Duma Responds to U.S. Magnitsky List in Kind
Published: December 12, 2012 (Issue # 1739)
MOSCOW — In a widely expected response to the passage of the U.S. Magnitsky Act, State Duma deputies on Monday introduced a bill that would make Americans suspected of mistreating Russians personae non gratae.
The bill bans Americans from traveling or investing in Russia if they are deemed to have “illegally” harmed Russians, according to a draft available on the Duma’s website.
The legislation mirrors but does not match its American counterpart, which imposes similar restrictions on Russians suspected of human rights abuses without specifying the victim’s nationality.
Analysts have described the Russian bill as mostly symbolic, and senior lawmakers on Monday appeared to focus on denouncing the Magnitsky Act rather than arguing the merits of their response.
“It’s astonishing that a country that has created secret prisons abroad — places of lawlessness and arbitrary justice, where inmates are subjected to torture, like in the Middle Ages — would lecture another country on moral issues,” Duma Speaker Sergei Naryshkin said, according to a transcript on the Duma website.
The bill appears to take special aim at U.S. officials involved in the arrest and prosecution of arms dealer Viktor Bout, who was extradited from Thailand to the United States over Russian objections in 2010.
These include provisions targeting Americans involved in “kidnapping and unlawful imprisonment,” “groundless prosecution” and “groundless and unjust punishment.”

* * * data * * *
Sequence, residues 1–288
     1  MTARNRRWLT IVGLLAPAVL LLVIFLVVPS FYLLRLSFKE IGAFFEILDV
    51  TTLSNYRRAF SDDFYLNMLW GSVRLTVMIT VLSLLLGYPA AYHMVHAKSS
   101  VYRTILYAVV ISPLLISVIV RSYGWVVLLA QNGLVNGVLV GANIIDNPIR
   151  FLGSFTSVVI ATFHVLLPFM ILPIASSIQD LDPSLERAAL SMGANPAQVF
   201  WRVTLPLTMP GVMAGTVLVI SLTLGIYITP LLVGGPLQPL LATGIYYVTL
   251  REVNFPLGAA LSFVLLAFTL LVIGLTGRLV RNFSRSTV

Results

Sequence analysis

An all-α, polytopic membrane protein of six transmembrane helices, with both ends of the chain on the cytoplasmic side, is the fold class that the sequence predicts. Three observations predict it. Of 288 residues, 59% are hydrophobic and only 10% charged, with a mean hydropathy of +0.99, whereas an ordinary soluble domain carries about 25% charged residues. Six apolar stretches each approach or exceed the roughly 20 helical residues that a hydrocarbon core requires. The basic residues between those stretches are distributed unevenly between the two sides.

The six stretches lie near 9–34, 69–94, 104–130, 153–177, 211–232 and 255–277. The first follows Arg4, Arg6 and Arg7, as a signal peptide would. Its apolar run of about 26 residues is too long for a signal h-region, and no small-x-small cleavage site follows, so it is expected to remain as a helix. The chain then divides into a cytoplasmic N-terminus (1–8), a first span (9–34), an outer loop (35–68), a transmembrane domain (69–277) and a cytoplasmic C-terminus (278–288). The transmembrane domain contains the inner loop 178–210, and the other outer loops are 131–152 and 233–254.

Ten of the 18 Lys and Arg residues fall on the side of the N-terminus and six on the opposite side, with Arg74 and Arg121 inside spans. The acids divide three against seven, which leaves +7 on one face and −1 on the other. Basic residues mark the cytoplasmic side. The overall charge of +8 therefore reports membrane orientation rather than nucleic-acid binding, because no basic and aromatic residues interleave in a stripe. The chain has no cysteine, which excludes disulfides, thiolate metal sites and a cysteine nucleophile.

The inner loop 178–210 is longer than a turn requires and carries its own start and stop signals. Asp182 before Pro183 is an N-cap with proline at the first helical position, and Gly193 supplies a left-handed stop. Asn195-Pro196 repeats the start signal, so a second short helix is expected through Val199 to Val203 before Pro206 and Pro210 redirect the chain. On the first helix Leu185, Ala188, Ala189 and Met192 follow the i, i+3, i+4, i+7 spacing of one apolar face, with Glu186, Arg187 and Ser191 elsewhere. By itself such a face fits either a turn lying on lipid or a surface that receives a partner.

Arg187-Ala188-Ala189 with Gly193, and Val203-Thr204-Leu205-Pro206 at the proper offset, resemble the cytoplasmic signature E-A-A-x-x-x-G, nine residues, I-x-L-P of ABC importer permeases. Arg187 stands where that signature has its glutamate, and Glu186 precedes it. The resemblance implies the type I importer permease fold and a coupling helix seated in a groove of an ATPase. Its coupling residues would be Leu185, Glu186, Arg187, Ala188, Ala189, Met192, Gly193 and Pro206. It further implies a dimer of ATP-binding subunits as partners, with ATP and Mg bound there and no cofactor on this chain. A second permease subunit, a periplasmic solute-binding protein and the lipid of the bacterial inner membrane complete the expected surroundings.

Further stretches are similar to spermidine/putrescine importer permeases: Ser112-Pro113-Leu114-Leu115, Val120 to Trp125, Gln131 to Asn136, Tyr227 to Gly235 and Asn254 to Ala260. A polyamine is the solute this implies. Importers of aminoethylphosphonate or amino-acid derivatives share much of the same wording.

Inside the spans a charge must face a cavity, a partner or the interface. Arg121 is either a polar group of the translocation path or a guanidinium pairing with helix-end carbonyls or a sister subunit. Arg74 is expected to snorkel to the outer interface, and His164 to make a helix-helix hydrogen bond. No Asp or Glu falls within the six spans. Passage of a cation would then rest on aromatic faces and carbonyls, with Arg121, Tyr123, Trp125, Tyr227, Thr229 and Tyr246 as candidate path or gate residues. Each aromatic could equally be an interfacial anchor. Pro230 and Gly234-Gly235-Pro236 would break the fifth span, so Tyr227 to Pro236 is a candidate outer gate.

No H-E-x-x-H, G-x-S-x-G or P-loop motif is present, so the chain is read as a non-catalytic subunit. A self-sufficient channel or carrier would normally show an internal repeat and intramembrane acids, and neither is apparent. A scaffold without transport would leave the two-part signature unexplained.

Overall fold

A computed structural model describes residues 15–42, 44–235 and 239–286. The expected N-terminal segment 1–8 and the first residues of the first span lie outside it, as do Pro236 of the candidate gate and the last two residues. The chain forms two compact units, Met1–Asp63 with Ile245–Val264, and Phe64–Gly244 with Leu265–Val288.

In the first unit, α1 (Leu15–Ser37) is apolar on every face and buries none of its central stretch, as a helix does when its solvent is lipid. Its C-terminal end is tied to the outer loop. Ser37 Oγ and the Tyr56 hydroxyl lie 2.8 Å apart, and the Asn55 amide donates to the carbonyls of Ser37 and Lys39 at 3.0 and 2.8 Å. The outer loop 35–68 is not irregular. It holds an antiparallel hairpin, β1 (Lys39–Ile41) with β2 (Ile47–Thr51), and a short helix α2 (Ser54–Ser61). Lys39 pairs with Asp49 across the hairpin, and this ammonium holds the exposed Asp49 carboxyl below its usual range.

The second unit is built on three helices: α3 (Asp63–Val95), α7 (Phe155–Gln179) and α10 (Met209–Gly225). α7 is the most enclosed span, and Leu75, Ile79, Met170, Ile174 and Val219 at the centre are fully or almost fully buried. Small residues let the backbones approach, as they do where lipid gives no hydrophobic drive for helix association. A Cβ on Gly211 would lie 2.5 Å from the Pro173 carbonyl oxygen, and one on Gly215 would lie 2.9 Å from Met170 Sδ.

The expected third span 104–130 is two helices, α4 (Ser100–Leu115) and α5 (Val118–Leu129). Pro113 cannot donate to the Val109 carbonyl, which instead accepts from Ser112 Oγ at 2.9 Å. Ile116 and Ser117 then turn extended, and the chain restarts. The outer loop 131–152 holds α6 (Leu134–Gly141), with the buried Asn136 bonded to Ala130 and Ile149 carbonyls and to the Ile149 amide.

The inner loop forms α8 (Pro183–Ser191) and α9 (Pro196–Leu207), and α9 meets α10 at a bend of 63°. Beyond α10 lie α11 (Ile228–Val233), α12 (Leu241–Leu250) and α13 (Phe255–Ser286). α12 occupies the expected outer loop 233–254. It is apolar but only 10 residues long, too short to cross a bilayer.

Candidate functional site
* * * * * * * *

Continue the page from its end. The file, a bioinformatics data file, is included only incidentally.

The bill also freezes the Russian assets of anybody on the list and bans any property or investments.
Hermitage Capital co-founder William Browder, who has spearheaded the effort to pass “Magnitsky acts” throughout Western Europe and North America, dismissed the Russian bill as wrongheaded.
“They should be focusing on punishing the people who have abused human rights in Russia before making symbolic retaliation like this,” he said. “Secondly, it’s hard to imagine any American officials feeling all that hard done by not being able to travel to Russia or hold money in Sberbank.”
Political analyst Pavel Salin said Russia’s retaliation, which is widely believed to include a new barrier on imports of U.S. meat, is “weak” and shows that Russia has few tools at its disposal.
Russia’s only serious lever against the United States is the Northern Distribution Network, a NATO supply route to Afghanistan that runs through Russia, Salin said, adding that Moscow hasn’t yet shown any intention of using this as a bargaining chip, for fear of a backlash.
A proposed EU-wide Magnitsky list would be more painful to Russia, which is the bloc’s third-largest trading partner but only the 37th-largest for the United States.
But while Browder said the prospects for bills everywhere “increased exponentially” as a result of the American bill, Salin and other analysts have said an EU or British bill is unlikely.
The Russian bill, which was submitted by the leaders of the four Duma factions, looks unlikely to face any serious opposition in the 450-seat chamber, which is controlled by ruling party United Russia.
Only about seven members of the moderate A Just Russia party spoke out against the measure at a faction meeting, said Deputy Ilya Ponomaryov, adding that opposition in other parties was unlikely.
Ponomaryov said he was “strongly against” the language of the bill, which he said should target nationals from any country — not just Americans — who abuse Russians.
The bill is set to undergo its first reading Friday and be passed by the end of the year, Naryshkin said. It calls for sanctions to go into effect Jan. 1.
The Magnitsky Act is named after Hermitage Capital lawyer Sergei Magnitsky, who died in pretrial detention in 2009 after being arrested on suspicion of fraud. His supporters say the charges were fabricated because Magnitsky had investigated a $230 million tax fraud scheme.